Top of the Agenda: EU Agrees on Single Eurozone Supervisor
European Union leaders agreed on Friday to create a single eurozone banking supervisor (BBC) in a major step toward a banking union. A legislative framework for the body is set to be in place by January 1, with actual functions beginning later in 2013, although details on the number of banks the ECB would oversee remain unclear (AP). The consensus paves the way for the eurozone's rescue fund to inject capital directly into ailing banks, bypassing national governments, but questions remain as to which banks would be eligible for direct loans, and what representation non-eurozone banks that decide to join the scheme will have at the ECB.
"The ECB and national central banks are well-equipped to be the backbone of the financial union. This is another lesson of the crisis: There are many benefits to keeping banking supervision close to the central bank," writes Christian Noyer for the Wall Street Journal.
"The proposed construction of a banking union reveals this fundamental flaw at the heart of the European project today. It is difficult to be optimistic about the success of an initiative built on such flimsy legal foundations, and lacking democratic legitimacy. Europe's banks and their customers deserve better," writes Howard Davies for Project Syndicate.
"The timing matters because only when a banking supervisor is in place can the zone's rescue fund inject cash directly into ailing banks. That is vital for countries like Spain that are desperate to see their banks helped--but not by increasing government debt," writes Gavin Hewitt for the BBC.
China Continues Drills Amid Island Row
China prepared to dispatch naval vessels (AFP) and aircraft to the East China Sea on Friday for one-day exercises that mark the latest provocation in the dispute over the Diaoyu/Senkaku Islands, which are majority-owned by Japan.
NORTH KOREA: North Korea threatened on Friday to launch military attacks on a South Korean border area if activists proceeded with a plan (Yonhap) to send leaflets across the border criticizing the Pyongyang regime.
This CFR Backgrounder explains the six-party talks on North Korea's nuclear program.
SOUTH AND CENTRAL ASIA
Bomb Kills Eighteen in Afghanistan
A roadside bomb killed at least eighteen people (RFE) en route to a wedding in northern Afghanistan, which has generally been one of the safest parts of the country since the U.S.-led invasion in 2001 but has since seen an increase in Taliban activity in recent years. MYANMAR: The United States will invite Myanmar to observe Cobra Gold, the world's largest multinational military field exercise, in a powerful symbolic gesture (Reuters) toward a military with a grim human rights record.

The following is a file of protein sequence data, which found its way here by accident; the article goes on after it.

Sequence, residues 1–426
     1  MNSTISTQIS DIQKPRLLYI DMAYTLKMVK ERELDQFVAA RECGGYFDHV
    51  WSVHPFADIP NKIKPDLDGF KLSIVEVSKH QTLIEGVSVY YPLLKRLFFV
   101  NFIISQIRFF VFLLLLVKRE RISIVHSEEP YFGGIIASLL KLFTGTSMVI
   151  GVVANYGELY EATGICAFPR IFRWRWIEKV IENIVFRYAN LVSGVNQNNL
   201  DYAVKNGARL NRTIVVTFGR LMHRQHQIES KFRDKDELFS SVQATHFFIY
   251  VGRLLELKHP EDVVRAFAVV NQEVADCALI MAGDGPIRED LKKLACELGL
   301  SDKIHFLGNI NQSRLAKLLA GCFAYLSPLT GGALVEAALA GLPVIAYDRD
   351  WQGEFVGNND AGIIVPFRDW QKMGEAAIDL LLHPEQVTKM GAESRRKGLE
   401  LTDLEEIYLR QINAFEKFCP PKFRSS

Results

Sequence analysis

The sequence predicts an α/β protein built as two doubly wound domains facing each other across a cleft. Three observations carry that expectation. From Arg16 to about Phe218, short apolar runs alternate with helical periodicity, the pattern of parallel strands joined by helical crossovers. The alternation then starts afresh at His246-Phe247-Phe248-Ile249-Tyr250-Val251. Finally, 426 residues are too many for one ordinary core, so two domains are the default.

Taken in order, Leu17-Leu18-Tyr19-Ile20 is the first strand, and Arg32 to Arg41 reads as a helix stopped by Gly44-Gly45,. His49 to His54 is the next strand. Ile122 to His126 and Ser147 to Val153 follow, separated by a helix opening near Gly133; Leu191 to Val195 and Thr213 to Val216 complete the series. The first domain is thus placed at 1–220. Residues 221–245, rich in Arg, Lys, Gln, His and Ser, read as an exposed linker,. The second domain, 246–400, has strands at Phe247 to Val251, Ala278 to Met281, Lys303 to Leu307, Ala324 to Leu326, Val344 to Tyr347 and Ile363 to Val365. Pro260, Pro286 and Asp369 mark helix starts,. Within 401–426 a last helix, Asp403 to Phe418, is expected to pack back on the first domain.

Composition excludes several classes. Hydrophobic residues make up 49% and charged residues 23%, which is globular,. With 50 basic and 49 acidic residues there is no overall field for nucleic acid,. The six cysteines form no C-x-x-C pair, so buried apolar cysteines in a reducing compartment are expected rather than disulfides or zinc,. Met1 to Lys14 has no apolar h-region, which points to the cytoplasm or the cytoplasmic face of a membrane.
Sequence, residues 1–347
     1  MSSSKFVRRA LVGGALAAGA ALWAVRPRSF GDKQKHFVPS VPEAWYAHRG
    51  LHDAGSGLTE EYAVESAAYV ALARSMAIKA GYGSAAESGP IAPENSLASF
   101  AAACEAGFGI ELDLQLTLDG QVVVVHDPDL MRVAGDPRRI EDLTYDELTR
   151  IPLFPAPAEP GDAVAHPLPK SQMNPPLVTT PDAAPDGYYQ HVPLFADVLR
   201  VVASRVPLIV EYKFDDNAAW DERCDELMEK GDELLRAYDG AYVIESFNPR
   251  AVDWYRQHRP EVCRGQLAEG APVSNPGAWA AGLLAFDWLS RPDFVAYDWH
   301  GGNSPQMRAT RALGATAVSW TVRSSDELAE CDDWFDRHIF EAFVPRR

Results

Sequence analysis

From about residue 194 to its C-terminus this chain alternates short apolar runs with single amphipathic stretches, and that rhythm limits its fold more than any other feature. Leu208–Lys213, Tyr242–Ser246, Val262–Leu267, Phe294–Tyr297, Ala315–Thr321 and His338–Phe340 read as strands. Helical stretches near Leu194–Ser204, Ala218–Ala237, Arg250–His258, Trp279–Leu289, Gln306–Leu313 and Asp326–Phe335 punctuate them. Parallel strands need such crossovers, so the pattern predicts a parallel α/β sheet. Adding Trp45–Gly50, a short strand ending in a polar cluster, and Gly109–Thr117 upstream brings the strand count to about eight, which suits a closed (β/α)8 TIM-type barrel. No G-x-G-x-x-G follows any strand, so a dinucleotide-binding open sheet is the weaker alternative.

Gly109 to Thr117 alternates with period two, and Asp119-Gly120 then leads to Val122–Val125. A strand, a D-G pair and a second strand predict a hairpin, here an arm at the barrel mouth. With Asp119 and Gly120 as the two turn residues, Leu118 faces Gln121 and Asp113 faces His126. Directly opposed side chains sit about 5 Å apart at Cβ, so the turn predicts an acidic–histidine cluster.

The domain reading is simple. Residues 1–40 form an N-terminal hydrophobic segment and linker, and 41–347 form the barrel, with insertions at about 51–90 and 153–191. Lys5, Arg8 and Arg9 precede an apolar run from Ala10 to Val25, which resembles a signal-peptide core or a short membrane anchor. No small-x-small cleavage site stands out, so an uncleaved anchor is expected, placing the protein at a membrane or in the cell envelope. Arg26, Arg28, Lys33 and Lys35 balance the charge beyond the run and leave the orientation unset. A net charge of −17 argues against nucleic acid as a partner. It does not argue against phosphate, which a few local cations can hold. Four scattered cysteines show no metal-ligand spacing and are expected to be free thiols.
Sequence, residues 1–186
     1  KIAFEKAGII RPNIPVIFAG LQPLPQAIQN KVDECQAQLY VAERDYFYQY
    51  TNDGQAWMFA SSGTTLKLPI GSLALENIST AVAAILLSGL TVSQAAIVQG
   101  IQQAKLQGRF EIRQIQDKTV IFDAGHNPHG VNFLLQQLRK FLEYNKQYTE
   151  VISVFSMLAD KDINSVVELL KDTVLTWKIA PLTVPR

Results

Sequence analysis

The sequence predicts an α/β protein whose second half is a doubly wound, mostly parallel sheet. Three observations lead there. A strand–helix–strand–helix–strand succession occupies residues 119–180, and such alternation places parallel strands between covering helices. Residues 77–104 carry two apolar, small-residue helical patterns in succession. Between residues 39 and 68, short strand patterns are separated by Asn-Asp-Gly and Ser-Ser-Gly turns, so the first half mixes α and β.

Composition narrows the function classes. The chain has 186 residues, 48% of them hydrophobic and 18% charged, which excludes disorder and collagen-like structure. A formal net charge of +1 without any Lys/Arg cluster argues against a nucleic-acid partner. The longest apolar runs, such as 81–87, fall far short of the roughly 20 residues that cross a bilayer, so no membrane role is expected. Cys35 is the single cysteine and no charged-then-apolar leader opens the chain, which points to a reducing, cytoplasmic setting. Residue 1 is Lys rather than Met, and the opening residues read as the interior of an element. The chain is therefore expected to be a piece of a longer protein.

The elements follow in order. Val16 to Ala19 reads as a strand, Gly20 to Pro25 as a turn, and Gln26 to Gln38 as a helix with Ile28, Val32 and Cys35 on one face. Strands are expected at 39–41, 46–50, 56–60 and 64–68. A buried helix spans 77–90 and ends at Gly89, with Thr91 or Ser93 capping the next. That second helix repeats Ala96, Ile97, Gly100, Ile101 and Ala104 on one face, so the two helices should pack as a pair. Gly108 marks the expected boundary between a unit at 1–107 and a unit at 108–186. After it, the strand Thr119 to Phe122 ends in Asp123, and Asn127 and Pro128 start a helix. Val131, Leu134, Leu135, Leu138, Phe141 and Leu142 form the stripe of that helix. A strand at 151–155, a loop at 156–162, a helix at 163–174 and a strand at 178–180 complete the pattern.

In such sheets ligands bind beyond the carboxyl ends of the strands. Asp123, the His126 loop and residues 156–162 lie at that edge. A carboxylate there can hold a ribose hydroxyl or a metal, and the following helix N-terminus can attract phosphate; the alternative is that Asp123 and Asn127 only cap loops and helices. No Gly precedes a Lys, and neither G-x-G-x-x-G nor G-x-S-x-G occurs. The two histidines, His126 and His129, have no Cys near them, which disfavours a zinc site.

Turkey Calls for Syrian Ceasefire
Turkey called for a ceasefire in Syria during the three-day Islamic holiday of Eid al-Adha beginning next week, an appeal (NYT) that comes as Lakhdar Brahimi, the international envoy on Syria, prepares to visit Damascus. Meanwhile, Syrian jets blasted the rebel town of Maarat al-Noman, killing at least forty-four people, including twenty-three children.
Steven Heydemann discusses Turkey's mounting Syria problem in this CFR interview. YEMEN: At least fifteen Yemeni troops were killed in a suicide bombing at a government military base in southern Yemen Friday (CNN), a day after U.S. drone strikes killed at least seven al-Qaeda-linked militants in the area.
SOMALIA: A large consignment of arms for suspected al-Shabaab militants in Somalia was seized in Puntland (BBC), a northeastern region where the group says it wants to strengthen its presence.
Micah Zenko analyzes the unexpected invasion by Kenyan forces into Somalia to defeat the militant group, al-Shabaab in this op-ed.
Berlusconi Denies Charges in Court
Italy's ex-Prime Minister Silvio Berlusconi denied links to underage prostitutes and misuse of office charges in court on Friday (GDS) during his trial that began in April 2011, which helped precipitate his downfall in November last year.
U.S. Sees Trade, Security Pending Issues in Latin America
U.S. Assistant Secretary of State for Western Hemisphere Affairs Roberta Jackson said the Obama administration sees trade, security, and migration reform as pending issues with Latin America (MercoPress), and discussed negotiations for a Trans Pacific Partnership, which both presidential candidates have alluded to in policy debates.
COLOMBIA: The Colombian government met leftist FARC guerrillas on Thursday, formally inaugurating peace talks (LAHT) aimed at ending nearly five decades of internal strife.
Romney Gaining on Obama in Foreign Policy, Poll Shows
President Obama and GOP nominee Mitt Romney are nearly tied in a new Pew survey on which candidate would do a better job making wise foreign policy decisions (47 percent said Obama, 43 percent said Romney). This represents a gain of fifteen points for Romney since September.
CFR's James Lindsay discusses the poll's highlights in this CFR blog post.
In an interview with Jon Stewart on Thursday, President Obama reiterated his pledge to close the military prison at Guantanamo Bay, a campaign promise that he originally made in 2008.